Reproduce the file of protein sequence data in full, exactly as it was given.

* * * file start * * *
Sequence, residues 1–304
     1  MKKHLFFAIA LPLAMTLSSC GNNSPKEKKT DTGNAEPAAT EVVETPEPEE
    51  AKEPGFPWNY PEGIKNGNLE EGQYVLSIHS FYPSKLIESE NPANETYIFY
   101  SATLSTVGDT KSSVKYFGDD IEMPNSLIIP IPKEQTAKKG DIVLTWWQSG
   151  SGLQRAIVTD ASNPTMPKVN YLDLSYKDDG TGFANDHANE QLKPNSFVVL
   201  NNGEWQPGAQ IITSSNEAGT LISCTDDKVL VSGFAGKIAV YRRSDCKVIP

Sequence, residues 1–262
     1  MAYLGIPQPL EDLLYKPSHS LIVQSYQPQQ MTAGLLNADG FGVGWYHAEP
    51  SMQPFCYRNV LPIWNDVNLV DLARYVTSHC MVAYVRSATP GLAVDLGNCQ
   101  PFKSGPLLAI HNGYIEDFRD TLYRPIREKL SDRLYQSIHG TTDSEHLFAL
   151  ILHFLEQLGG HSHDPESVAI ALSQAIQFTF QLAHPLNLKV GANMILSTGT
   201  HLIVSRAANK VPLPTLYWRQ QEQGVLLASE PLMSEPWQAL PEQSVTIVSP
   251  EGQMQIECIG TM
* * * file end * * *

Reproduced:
Sequence, residues 1–304
     1  MKKHLFFAIA LPLAMTLSSC GNNSPKEKKT DTGNAEPAAT EVVETPEPEE
    51  AKEPGFPWNY PEGIKNGNLE EGQYVLSIHS FYPSKLIESE NPANETYIFY
   101  SATLSTVGDT KSSVKYFGDD IEMPNSLIIP IPKEQTAKKG DIVLTWWQSG
   151  SGLQRAIVTD ASNPTMPKVN YLDLSYKDDG TGFANDHANE QLKPNSFVVL
   201  NNGEWQPGAQ IITSSNEAGT LISCTDDKVL VSGFAGKIAV YRRSDCKVIP

Sequence, residues 1–262
     1  MAYLGIPQPL EDLLYKPSHS LIVQSYQPQQ MTAGLLNADG FGVGWYHAEP
    51  SMQPFCYRNV LPIWNDVNLV DLARYVTSHC MVAYVRSATP GLAVDLGNCQ
   101  PFKSGPLLAI HNGYIEDFRD TLYRPIREKL SDRLYQSIHG TTDSEHLFAL
   151  ILHFLEQLGG HSHDPESVAI ALSQAIQFTF QLAHPLNLKV GANMILSTGT
   201  HLIVSRAANK VPLPTLYWRQ QEQGVLLASE PLMSEPWQAL PEQSVTIVSP
   251  EGQMQIECIG TM